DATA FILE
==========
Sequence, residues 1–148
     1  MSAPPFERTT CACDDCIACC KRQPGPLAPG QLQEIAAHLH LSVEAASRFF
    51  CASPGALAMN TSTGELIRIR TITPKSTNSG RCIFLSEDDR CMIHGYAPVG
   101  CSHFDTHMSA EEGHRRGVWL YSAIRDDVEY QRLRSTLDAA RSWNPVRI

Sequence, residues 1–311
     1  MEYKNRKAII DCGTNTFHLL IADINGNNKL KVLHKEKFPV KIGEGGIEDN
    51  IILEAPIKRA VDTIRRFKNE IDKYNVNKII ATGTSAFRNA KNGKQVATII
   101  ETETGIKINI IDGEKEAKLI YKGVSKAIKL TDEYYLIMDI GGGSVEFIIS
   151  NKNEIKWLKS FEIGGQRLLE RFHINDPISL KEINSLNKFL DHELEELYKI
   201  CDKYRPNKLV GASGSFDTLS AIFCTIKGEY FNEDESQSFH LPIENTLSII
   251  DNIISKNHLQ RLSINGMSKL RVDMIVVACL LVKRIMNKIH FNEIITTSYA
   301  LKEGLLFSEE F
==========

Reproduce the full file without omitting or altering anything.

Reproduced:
Sequence, residues 1–148
     1  MSAPPFERTT CACDDCIACC KRQPGPLAPG QLQEIAAHLH LSVEAASRFF
    51  CASPGALAMN TSTGELIRIR TITPKSTNSG RCIFLSEDDR CMIHGYAPVG
   101  CSHFDTHMSA EEGHRRGVWL YSAIRDDVEY QRLRSTLDAA RSWNPVRI

Sequence, residues 1–311
     1  MEYKNRKAII DCGTNTFHLL IADINGNNKL KVLHKEKFPV KIGEGGIEDN
    51  IILEAPIKRA VDTIRRFKNE IDKYNVNKII ATGTSAFRNA KNGKQVATII
   101  ETETGIKINI IDGEKEAKLI YKGVSKAIKL TDEYYLIMDI GGGSVEFIIS
   151  NKNEIKWLKS FEIGGQRLLE RFHINDPISL KEINSLNKFL DHELEELYKI
   201  CDKYRPNKLV GASGSFDTLS AIFCTIKGEY FNEDESQSFH LPIENTLSII
   251  DNIISKNHLQ RLSINGMSKL RVDMIVVACL LVKRIMNKIH FNEIITTSYA
   301  LKEGLLFSEE F